Every functionality introduced in the app must comply with regulatory bodies to operate legally. For example, it’s mandatory for payment apps that collect credit card data to adhere to the PCI DSS. Payment apps must also maintain strict adherence to Know-Your-Customer regulations, such as FinCEN’s CDD rule to prevent money laundering.
What follows a successful release is increased exposure and an exponentially growing user base. If your payment app isn’t built with scalability in mind, it will experience bottlenecks and lead to service disruptions, instability, and a high churn rate.
Plan for the eventual growth of your app by using scalable cloud infrastructure, technological modules, and microservices. Implement a separate financial calculation module to avoid the excessive burden of the core payment system.
Developing a P2P payment app requires the combined effort of expertise in different software disciplines. It is not an effort that you can delegate to a freelancer but requires a team of highly-experienced developers. A payment app consists of multiple interlinking modules, such as an e-wallet, blockchain, encryption, APIs, data warehouses, and other emerging technologies.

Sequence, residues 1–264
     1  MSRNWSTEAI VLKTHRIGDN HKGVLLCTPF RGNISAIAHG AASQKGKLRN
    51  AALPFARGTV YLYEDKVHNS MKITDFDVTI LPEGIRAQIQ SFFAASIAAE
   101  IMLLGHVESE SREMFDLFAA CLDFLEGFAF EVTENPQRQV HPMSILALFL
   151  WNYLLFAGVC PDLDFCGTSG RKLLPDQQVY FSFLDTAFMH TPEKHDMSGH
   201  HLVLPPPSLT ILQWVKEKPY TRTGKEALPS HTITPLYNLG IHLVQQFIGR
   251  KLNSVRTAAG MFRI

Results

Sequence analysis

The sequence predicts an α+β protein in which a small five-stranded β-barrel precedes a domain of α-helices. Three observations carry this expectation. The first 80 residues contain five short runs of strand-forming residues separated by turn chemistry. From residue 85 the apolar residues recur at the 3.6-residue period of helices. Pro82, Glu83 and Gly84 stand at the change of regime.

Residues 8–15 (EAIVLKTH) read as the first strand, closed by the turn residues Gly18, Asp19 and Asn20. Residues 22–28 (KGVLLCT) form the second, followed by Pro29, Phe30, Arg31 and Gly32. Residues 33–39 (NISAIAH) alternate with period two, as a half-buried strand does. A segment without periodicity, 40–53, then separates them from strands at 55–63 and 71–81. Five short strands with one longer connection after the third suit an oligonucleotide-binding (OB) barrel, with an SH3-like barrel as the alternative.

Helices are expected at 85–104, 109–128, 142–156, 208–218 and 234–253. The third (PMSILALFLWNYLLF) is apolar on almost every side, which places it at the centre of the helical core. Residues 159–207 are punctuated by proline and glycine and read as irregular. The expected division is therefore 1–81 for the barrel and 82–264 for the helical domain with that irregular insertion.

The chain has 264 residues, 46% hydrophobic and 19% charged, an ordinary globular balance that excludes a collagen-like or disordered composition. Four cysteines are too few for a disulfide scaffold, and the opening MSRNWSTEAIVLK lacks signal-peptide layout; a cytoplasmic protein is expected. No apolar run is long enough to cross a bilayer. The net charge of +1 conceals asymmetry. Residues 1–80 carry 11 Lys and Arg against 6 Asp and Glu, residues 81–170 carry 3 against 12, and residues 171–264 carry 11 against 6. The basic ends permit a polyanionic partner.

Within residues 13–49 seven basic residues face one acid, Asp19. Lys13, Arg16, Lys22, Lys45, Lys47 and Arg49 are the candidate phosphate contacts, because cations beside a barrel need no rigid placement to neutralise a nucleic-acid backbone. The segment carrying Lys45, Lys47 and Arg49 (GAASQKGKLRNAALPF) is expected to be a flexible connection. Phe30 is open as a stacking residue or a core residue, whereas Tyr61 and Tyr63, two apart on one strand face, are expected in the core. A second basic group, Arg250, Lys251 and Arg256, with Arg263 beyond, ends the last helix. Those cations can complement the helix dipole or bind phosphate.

Mobile payment is a fintech segment that has dynamically-changing requirements. While it’s essential to support basic payment options, it’s equally crucial to understand consumer behaviors and finetune the app accordingly. For example, a strictly P2P-only app might need to integrate with ride-hailing providers or risk losing relevance.
Must-have Features for Payment App
These features are critical to ensure that your payment app possesses the basic functionalities to serve its users adequately.
Send and receive money
Users have the flexibility to transfer any available amount in their e-wallet to the intended recipient. Likewise, they can receive money from senders from other users.
This feature allows users to review their expenses over a specific duration and plan future spending. Some payment apps include Saving Goals and Cashback, which are helpful for encouraging responsible spending.
The app sends immediate notifications for financial transactions, account activities, and other events of interest.